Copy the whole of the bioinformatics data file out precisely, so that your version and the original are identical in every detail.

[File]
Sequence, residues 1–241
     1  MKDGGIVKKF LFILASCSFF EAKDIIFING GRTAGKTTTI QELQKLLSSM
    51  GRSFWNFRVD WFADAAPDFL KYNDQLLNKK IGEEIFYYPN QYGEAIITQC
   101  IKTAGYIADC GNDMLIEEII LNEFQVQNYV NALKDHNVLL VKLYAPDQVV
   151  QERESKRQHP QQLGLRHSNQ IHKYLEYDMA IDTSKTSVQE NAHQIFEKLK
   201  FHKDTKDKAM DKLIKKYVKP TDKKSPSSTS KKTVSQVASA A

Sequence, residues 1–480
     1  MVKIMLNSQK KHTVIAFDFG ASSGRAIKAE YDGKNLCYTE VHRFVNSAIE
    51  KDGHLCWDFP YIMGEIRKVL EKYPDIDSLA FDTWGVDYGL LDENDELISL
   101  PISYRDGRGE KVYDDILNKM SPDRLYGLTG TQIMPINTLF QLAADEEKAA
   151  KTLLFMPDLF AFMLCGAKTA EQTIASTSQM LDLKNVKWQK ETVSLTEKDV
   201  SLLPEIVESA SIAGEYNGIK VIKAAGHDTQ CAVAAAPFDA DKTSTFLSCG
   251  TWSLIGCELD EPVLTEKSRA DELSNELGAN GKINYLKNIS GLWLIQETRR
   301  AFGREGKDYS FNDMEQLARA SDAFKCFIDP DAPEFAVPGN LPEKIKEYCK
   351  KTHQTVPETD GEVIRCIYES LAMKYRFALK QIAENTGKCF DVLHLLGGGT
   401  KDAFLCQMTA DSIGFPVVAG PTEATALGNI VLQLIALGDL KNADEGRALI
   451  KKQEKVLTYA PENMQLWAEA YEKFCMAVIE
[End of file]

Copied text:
Sequence, residues 1–241
     1  MKDGGIVKKF LFILASCSFF EAKDIIFING GRTAGKTTTI QELQKLLSSM
    51  GRSFWNFRVD WFADAAPDFL KYNDQLLNKK IGEEIFYYPN QYGEAIITQC
   101  IKTAGYIADC GNDMLIEEII LNEFQVQNYV NALKDHNVLL VKLYAPDQVV
   151  QERESKRQHP QQLGLRHSNQ IHKYLEYDMA IDTSKTSVQE NAHQIFEKLK
   201  FHKDTKDKAM DKLIKKYVKP TDKKSPSSTS KKTVSQVASA A

Sequence, residues 1–480
     1  MVKIMLNSQK KHTVIAFDFG ASSGRAIKAE YDGKNLCYTE VHRFVNSAIE
    51  KDGHLCWDFP YIMGEIRKVL EKYPDIDSLA FDTWGVDYGL LDENDELISL
   101  PISYRDGRGE KVYDDILNKM SPDRLYGLTG TQIMPINTLF QLAADEEKAA
   151  KTLLFMPDLF AFMLCGAKTA EQTIASTSQM LDLKNVKWQK ETVSLTEKDV
   201  SLLPEIVESA SIAGEYNGIK VIKAAGHDTQ CAVAAAPFDA DKTSTFLSCG
   251  TWSLIGCELD EPVLTEKSRA DELSNELGAN GKINYLKNIS GLWLIQETRR
   301  AFGREGKDYS FNDMEQLARA SDAFKCFIDP DAPEFAVPGN LPEKIKEYCK
   351  KTHQTVPETD GEVIRCIYES LAMKYRFALK QIAENTGKCF DVLHLLGGGT
   401  KDAFLCQMTA DSIGFPVVAG PTEATALGNI VLQLIALGDL KNADEGRALI
   451  KKQEKVLTYA PENMQLWAEA YEKFCMAVIE